Germany has taken a pragmatic step according to the changing geo-political scenario and decided to supply new-generation conventional submarines to India. For the European economic giant, the “business” alliance with the South Asian country is a notable strategic shift, as it shows an awareness of the Angela Merkel government of the growing importance of India in world politics.
A couple of days ago, Berlin hinted that it was ready to strike a military deal with New Delhi under which India would receive new-generation submarines with exceptional underwater endurance. In the past, the German government had refused to sign such deals with India. However, India’s emergence as a great power has prompted the Merkel administration to change its policy.
According to sources close to the German Defence Ministry, Germany is even ready to manufacture the HDW 214 submarines in India. A senior German official said that India would have to pay around INR 600,000 million (USD 1 = INR 66.5822) for six such vessels. The official, who wished to remain anonymous, said that Berlin recently sent a formal proposal in this regard to the Indian Defence Ministry, giving assurances on fair price, technology transfer and quality.
Meanwhile, senior officials of Thyssenkrupp Marine Systems, the German company that manufactures the submarine, have refused to make any comment on the deal. Thyssenkrupp officials said that they were “not in a position” to discuss the issue and two governments would make an official announcement only after finalisation of the deal. They further said that Thyssenkrupp was interested in offering 214 class boats, with “robust transfer of technology, training and meeting offset obligations”, to New Delhi. A company spokesperson told an Indian national daily: “We define this as a ‘no-holds barred’ transfer of technology in line with Narendra Modi government’s ‘Make in India’ push.” Indian officials, too, maintain secrecy of the deal, saying that the product will certainly meet the Indian Navy’s requirements.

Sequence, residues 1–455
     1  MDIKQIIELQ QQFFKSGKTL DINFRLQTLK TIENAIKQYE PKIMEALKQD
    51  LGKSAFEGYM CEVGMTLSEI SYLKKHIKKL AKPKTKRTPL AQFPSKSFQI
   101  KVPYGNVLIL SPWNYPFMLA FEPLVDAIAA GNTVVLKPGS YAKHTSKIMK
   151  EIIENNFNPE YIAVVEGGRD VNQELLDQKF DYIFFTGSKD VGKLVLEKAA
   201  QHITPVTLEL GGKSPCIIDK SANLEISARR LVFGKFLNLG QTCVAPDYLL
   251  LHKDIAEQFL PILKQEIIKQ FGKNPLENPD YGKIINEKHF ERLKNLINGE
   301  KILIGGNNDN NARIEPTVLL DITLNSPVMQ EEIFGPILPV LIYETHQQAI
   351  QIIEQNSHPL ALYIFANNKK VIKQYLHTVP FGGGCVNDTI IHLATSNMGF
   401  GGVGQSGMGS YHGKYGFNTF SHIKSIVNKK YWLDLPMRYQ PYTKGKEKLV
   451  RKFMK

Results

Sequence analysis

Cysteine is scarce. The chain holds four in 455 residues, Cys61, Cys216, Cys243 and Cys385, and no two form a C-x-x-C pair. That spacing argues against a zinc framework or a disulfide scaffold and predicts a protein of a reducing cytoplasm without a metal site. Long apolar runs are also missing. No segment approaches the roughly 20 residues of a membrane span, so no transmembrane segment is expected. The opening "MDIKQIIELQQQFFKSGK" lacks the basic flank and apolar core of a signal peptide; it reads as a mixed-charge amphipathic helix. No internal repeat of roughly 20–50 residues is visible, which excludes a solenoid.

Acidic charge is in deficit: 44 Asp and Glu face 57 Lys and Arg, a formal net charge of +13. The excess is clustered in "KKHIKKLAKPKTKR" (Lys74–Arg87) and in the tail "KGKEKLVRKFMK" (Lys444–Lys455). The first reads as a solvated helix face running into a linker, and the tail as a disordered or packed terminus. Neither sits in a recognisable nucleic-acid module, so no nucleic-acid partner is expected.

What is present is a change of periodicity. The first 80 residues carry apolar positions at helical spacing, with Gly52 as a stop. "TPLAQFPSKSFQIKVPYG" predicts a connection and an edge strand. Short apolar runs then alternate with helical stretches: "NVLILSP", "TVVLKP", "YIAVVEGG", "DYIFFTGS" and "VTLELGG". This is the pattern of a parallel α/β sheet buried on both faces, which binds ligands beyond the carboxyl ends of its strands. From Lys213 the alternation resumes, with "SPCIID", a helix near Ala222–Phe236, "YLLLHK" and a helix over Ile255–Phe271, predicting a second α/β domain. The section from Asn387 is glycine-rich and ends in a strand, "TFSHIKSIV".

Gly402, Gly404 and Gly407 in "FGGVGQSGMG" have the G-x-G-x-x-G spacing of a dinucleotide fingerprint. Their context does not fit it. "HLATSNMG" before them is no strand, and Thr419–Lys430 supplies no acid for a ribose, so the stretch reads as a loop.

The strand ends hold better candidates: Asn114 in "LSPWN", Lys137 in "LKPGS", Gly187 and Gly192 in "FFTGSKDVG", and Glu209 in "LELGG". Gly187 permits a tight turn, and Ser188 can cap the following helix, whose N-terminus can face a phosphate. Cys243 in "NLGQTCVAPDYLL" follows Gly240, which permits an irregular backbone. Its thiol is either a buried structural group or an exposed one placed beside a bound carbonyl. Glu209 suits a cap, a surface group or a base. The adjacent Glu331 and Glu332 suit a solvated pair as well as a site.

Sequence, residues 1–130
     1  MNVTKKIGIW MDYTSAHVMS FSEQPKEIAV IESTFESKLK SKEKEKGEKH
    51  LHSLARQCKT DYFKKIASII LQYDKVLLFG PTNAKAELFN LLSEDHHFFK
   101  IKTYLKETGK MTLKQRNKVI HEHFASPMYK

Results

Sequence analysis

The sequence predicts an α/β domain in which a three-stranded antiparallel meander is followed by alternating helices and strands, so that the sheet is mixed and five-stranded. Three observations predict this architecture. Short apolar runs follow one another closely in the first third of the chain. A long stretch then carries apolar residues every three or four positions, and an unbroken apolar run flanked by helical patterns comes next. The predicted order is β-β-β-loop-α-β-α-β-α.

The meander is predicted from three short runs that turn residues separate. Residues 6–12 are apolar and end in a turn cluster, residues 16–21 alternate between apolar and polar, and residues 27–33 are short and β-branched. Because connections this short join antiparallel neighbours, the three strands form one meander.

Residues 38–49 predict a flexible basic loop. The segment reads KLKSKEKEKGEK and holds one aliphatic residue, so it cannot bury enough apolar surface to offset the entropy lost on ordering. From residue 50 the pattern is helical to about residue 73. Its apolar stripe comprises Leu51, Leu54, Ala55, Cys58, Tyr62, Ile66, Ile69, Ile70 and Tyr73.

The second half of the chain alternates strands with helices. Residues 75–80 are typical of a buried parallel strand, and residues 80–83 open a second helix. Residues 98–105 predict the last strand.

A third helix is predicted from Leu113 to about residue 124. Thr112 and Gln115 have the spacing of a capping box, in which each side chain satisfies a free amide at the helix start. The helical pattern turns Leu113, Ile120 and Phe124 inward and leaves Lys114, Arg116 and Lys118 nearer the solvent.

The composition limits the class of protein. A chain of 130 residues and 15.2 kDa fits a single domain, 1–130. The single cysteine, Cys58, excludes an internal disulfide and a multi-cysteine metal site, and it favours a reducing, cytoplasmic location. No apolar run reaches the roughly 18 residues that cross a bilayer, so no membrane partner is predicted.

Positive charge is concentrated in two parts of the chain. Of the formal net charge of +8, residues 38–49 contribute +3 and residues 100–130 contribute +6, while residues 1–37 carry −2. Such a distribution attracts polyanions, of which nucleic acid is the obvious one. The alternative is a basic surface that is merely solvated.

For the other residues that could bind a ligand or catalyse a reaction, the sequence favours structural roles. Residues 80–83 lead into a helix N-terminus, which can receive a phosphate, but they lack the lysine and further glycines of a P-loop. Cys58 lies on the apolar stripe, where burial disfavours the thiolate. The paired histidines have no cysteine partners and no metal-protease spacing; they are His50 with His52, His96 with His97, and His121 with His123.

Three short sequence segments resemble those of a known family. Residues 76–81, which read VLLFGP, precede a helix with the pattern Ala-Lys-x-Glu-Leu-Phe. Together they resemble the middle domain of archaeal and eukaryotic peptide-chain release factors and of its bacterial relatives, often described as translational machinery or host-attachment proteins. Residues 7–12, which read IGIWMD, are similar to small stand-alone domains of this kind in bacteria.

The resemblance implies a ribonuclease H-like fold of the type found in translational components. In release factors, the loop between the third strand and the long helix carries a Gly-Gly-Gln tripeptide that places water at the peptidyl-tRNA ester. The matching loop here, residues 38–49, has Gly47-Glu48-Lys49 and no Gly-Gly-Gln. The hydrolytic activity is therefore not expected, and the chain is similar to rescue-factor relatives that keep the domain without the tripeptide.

Indian defence experts believe that Germany has changed its stance mainly because of Russia and France, which are trying hard to boost defence ties with India. To capture the Indian defence market, Berlin has offered new-generation conventional submarines with Air Independent Propulsion (AIP) – a technology that allows non-nuclear submarines to remain underwater for several days at a stretch.
The AIP technology helps diesel submarines operate without having to surface or use a snorkel to access atmospheric oxygen, allowing the watercraft to remain submerged for extended periods. Usually, submarines need to surface in order to replenish oxygen needed to burn the fuel. At the same time, the technology helps submarines preserve the advantages of conventional diesel electric power and carry out operations in a stealthy manner by reducing their chances of being detected by anti-submarine ships and aircraft.